Veteran pilots at Joint Base Lewis-McChord tick off their favorite features about the latest models of the Army’s menacing Apache helicopters they received this winter:
More power. Better lift. The ability to command aerial drones from their cockpits.
One more thing: Now they can fly in thick cloud cover, a crucial capability at their damp home station.
“These really are all-weather aircraft,” Chief Warrant Officer 3 Rob Teague said Thursday at a ceremony marking the arrival of the new choppers at Lewis-McChord’s Gray Army Airfield.
That could mean more hours in the sky training around Lewis-McChord for Apache pilots who were previously grounded under gray skies.
“We get out a lot and we train a lot. ” Teague said. “You’re going to see us a lot.”
His unit in Lewis-McChord’s 16th Combat Aviation Brigade stood at the front of the line to receive the new AH-64E aircraft in January. They’re a welcome addition to a helicopter battalion that moved to Lewis-McChord last year from its previous home at sunny and dry Fort Hood,Texas.
“We’re looking at the fastest and most powerful aircraft in the Army,” brigade commander Col. Robert Dickerson said.
The model improves upon a 30-year-old Apache program that has racked up more than 3.5 million hours of flight time for Army pilots. Production of the new model kicked into high gear in late 2010 when Boeing won a $247 million contract to manufacture the first eight of the helicopters. The Army expects to buy 690 over time.
Apaches are a constant presence in Afghanistan, where air crews collaborate with ground troops to attack enemy positions and provide an extra set of eyes in the sky for infantrymen. Their 30 millimeter chain-fed machine guns and hellfire rockets make them an intimidating weapon on the modern battlefield.
The latest model retains the same weapons as its predecessor, the Apache AH-64D, but incorporates new technology to make the helicopters more powerful and more fuel efficient.
Teams from Dickerson’s brigade traveled to Arizona this winter to train on them. They came away impressed.
Chief Warrant Officer 3 Richard Crabtree experimented with the new drone capabilities and took control of the unmanned vehicles from inside his helicopter. It’s a valuable asset that gives pilots a better look at terrain miles away.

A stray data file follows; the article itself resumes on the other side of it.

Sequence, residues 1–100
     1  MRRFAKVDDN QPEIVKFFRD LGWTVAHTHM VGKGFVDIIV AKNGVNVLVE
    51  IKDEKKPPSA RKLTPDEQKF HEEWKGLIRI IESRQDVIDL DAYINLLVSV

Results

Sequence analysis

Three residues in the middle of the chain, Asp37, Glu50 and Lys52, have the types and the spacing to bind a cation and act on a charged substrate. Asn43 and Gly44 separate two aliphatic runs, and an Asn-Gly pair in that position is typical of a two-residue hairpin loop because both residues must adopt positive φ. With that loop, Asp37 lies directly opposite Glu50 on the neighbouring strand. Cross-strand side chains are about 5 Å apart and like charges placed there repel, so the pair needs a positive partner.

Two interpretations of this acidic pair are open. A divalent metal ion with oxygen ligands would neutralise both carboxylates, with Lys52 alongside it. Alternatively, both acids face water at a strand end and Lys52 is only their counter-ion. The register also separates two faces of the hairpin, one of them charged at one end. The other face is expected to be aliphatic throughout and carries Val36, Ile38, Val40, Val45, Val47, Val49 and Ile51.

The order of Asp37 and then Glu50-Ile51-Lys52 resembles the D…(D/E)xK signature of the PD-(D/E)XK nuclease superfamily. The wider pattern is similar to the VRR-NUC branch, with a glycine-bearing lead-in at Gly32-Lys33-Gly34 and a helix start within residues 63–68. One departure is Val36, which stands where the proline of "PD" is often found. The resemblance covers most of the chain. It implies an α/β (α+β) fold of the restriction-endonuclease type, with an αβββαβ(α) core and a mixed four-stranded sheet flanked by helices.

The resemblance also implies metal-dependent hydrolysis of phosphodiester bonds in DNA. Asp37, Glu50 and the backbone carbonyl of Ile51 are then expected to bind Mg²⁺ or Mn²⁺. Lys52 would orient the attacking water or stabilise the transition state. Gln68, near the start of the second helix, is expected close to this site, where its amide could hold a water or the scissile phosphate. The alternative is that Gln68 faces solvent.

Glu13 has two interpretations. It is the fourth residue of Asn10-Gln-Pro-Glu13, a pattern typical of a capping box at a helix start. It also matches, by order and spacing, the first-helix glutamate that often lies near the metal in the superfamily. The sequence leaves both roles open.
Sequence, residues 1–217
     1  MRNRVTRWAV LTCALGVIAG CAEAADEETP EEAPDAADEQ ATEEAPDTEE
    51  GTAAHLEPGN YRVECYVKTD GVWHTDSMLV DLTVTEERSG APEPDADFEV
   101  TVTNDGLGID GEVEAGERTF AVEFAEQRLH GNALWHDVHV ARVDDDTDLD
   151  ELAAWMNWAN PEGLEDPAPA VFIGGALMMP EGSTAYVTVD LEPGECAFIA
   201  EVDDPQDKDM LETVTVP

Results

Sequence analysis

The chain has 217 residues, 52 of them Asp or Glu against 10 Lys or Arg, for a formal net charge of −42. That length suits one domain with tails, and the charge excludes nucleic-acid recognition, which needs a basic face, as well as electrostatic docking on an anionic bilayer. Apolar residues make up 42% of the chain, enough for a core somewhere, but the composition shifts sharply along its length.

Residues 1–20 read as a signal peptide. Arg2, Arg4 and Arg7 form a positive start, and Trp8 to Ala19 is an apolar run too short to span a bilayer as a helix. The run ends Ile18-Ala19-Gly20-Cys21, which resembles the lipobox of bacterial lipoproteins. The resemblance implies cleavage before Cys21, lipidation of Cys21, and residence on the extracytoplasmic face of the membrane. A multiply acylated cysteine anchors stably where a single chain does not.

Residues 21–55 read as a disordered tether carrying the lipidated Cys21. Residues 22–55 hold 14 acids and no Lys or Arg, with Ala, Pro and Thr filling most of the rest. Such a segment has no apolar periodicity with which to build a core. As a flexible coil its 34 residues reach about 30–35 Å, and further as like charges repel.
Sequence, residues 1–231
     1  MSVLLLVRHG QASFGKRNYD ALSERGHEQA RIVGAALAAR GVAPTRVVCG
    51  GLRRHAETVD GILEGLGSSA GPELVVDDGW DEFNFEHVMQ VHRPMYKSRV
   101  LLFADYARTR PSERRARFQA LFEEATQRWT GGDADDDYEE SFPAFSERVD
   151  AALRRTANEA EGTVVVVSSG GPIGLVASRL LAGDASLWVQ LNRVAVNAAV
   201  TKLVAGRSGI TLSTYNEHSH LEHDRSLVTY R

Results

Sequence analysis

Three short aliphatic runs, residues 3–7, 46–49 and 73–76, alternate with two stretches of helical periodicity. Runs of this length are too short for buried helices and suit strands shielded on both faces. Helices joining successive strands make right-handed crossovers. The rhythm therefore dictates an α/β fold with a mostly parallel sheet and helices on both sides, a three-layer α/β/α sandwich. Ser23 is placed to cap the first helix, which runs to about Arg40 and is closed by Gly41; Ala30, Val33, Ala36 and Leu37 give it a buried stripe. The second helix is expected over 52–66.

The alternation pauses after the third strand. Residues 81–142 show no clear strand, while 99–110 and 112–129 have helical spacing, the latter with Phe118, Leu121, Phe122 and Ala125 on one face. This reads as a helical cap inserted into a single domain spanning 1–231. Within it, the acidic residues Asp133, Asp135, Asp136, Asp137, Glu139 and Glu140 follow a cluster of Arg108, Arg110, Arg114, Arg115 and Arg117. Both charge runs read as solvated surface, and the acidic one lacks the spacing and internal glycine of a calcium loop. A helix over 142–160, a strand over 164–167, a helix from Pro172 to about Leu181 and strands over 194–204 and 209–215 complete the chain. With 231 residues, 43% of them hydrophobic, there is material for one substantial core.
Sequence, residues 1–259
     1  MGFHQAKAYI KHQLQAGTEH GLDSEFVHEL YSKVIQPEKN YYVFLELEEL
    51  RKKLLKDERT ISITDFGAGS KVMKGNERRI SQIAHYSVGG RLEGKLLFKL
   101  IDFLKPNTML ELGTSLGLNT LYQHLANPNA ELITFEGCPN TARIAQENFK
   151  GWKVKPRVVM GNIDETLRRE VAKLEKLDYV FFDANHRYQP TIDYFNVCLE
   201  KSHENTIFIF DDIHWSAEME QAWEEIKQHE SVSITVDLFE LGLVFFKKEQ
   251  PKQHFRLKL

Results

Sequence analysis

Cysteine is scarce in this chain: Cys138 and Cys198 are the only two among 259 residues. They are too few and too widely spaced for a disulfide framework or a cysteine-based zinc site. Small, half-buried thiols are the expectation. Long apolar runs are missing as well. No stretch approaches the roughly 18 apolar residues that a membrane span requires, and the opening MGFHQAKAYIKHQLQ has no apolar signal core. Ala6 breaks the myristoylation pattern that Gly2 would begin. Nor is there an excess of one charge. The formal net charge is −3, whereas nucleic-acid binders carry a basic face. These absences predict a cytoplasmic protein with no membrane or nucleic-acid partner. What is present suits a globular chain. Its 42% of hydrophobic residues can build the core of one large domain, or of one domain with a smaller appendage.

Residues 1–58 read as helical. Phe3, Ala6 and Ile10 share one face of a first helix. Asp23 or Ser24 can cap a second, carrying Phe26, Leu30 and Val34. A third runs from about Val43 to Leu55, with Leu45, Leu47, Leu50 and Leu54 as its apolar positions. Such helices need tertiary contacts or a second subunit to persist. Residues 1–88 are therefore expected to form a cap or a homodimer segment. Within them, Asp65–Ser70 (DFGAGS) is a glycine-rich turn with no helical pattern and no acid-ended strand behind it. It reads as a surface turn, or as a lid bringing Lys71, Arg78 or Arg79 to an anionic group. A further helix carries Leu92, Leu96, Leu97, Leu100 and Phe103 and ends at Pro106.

Teague appreciates the upgraded efficiency and power. He said he’s been in situations in Afghanistan where he was limited in lift. At other times, the old Apaches burned fuel quickly and constrained their missions.
The newer model carries lighter and longer rotor blades, as well as a stronger engine. It can fly at higher elevations, protecting crews from ground fire.
“It’s safer to fly,” said pilot Capt. Ryan Garrow.
It also has a better navigation system that enables it to fly in cloudy skies– a capability common among planes and other Army helicopters, such as the Blackhawk UH-60.
Lewis-McChord’s fleet of Apache helicopters is not expanding with the new additions. The aviation brigade’s 1st Battalion, 229th Attack Reconnaissance Regiment is exchanging its older models for the new ones. It expects to have 24 of the Apache AH-64E models by the end of this spring.
Battalion commander Lt. Col. Geoff Crawford said the Apaches could be noticeable to South Sound residents, but no more so than the unit’s older helicopters. His battalion moved to Lewis-McChord last May.
The base expanded its aviation footprint in 2011 and drew some complaints about increased noise from residents in Thurston County. The base has since revised its training routes, and criticism has abated.
Crawford said Lewis-McChord has limited helicopter firing ranges, and residents would rarely hear the Apaches fire. Those exercises usually take place at the Yakima Training Center.
Last week, however, his battalion participated in one live fire exercise at the base south of Tacoma.
The aviation brigade wants the public to get a better understanding of its helicopters so residents aren’t surprised by the choppers flying near populated areas.
“We are trying to work with the surrounding communities to become aware of the increased noise and air traffic,” Crawford said.
“Our soldiers live in those communities, and if we don’t have the support of those communities, we’re doing something wrong.”